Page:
While planning transitions, rearrange the material on a particular slide or reorder your slides if it will make your explanations flow more logically. Transitions are so important that you ought to write them out and memorize them.

Wrap Up Well 

Recall that your audience is most likely to pay more attention to you at the beginning and end of your presentation. Therefore, it’s crucial to take advantage of this final opportunity to summarize key points and make specific recommendations. To conclude, pause momentarily and use phrases like: “In summary” or “To wrap up” to signal that you are about to finish. Then, summarize key points and spell out the implications of your analysis. After this, state your recommendations. It is good practice to memorize your final sentences so that you don’t end with a meaningless, “That’s it” or “Thank you.” Put up a conclusions slide that is not overloaded with text. Such slides distract the audience from paying attention to you right when you need to heighten it.

If you plan to answer questions after presenting, continue to display your conclusions slide or replace it with a relevant visual that facilitates the discussion. Do not replace your conclusions slide with a slide that says “Questions?”

Project Confidence

Finally, you need to lead by example to keep your audience interested and enthusiastic about your ideas. You must project a positive, professional demeanor from the outset to establish your credibility and to enhance your rapport with the audience. This is accomplished through a combination of stance, eye contact, gestures, and voice quality.

Stance.  An effective stance not only exudes confidence, it also provides breath support. It is the foundation of your message and your voice.

This stance may feel slightly awkward at first, but keep practicing it until you feel comfortable and at ease. Make sure to position your body so that it is directly facing the audience at all times, even when you gesture toward the projection screen. Do not turn your body sideways or away from the audience.


  1. Position your feet under your hips.
  2. Distribute your weight equally between your feet.
  3. Hold your chin level and relax shoulders without slouching.
  4. No hands in pockets, keep them comfortable at your sides!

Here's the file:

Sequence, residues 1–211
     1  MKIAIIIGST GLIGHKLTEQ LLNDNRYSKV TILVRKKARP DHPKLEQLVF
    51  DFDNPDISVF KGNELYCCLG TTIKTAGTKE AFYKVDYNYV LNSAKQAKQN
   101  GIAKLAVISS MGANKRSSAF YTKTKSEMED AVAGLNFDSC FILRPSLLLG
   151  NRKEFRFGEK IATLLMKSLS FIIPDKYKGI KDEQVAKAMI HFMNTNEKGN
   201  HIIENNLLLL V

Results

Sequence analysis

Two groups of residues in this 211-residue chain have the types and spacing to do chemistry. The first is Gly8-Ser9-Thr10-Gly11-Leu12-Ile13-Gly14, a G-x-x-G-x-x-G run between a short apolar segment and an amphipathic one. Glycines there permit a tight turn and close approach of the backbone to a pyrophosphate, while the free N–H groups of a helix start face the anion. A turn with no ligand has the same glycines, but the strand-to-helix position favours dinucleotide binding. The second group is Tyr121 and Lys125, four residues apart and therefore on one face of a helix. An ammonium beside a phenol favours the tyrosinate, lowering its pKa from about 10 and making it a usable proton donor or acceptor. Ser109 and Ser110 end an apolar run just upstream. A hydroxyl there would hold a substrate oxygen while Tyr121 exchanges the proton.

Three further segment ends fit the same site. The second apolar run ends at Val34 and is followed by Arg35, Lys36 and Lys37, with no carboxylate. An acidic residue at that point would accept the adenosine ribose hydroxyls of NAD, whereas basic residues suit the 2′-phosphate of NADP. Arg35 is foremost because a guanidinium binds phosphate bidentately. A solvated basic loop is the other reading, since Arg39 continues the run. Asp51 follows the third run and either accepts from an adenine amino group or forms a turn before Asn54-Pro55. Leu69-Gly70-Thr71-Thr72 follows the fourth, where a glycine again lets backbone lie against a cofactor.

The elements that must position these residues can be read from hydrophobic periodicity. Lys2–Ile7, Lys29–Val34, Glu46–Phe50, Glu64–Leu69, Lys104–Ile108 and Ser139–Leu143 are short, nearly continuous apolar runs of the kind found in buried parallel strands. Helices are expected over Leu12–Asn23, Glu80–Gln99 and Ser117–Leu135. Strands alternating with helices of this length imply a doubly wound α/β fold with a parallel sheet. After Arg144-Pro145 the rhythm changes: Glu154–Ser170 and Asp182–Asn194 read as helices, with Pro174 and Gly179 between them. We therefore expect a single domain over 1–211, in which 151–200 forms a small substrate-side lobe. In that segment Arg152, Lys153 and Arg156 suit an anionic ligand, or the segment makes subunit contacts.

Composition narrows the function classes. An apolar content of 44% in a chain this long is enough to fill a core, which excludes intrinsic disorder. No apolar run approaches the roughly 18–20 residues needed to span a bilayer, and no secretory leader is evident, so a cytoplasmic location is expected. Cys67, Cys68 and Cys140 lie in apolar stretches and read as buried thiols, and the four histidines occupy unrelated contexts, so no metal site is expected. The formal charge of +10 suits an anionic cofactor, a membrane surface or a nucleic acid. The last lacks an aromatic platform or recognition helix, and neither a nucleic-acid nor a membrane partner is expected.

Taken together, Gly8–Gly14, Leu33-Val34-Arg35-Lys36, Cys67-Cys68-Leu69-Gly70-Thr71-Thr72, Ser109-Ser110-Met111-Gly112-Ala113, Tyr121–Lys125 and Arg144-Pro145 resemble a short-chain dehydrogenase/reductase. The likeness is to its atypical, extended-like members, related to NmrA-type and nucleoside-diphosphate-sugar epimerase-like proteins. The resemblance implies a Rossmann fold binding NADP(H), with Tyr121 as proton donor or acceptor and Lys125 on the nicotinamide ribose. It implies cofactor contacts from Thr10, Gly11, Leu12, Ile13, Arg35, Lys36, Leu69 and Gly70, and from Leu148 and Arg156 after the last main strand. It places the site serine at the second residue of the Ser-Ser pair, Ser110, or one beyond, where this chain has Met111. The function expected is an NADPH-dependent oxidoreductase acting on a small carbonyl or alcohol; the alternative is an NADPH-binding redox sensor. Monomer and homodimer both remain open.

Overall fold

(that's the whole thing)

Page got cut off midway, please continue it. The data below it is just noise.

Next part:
Eye Contact. You should make direct eye contact with the audience because it contributes to the impression that you are trustworthy and confident. Be sure to distribute your eye contact. In other words, look at individuals seated in different parts of the room so that no one feels ignored. Making direct eye contact may be difficult if you come from a culture that discourages that.  But in some cultures, making eye contact is important because you may seem untruthful if you don’t.

Hand Gestures. Hand gestures work especially well to illustrate a concept or to emphasize a point. For example, you can use a hand gesture to help the audience visualize the shape or size of an object to which you refer: “It’s about the size of a baseball.

When you incorporate gestures, make sure you position your hands at chest level to form the gesture and then rest your hands at your sides. Avoid fidgeting or placing your hands in your pockets, behind your back, on your hips, or clutching them together.

Voice Quality. Voice quality refers to many vocal characteristics such as volume, articulation, inflection, and pace. You should speak in a natural, authoritative tone at a volume that is loud enough to be heard by people seated in the most distant part of the room. Use variation in your voice to emphasize important phrases by altering your pitch and controlling the pace at which you are speaking. As a general rule, you should slow down to state key points and speed up through the details. If you detect signs that your audience is either confused or bored, you need to adjust the pace appropriately. Knowing how to prepare and knowing how to deliver an effective technical presentation are two different tasks. You must practice aloud to become comfortable explaining your research and to finish within the time limit. Remember that you can practice with colleagues to get useful feedback.


Many people, including managers, feel intimidated by dense, technical information. As a speaker, it is your job to help them feel smart rather than stupid. To achieve this, answer the seven keys to complete content, define key terms and incorporate examples to clarify explanations, design slides that are easy to understand, and deliver with confidence.

Tracy Volz is a senior lecturer in Professional Communication in the School of Engineering at Rice University.  She joined the Dean of Engineering’s Office in 2008 after spending 9 years with the Cain Project in Professional Communication.  Volz has coached executives and conducted seminars on oral communication for professional societies and corporations in the Rice faculty.  Her interests include oral presentations, technical poster design, and pedagogical innovation.  Volz earned a BA in English from the University of Iowa and a PhD in English from Rice University.
Janice L. Hewitt is a senior lecturer in Professional Communication, Office of the Dean of Engineering, Rice University.  She conducts workshops and seminars on writing for engineering graduate students writing postgraduate dissertations, frequently incorporating training in oral presentations and persuasive writing.  Hewitt has been a consultant for several major corporations.  She holds an MA in English from the University of Michigan and an MA in History and PhD in English from Rice University.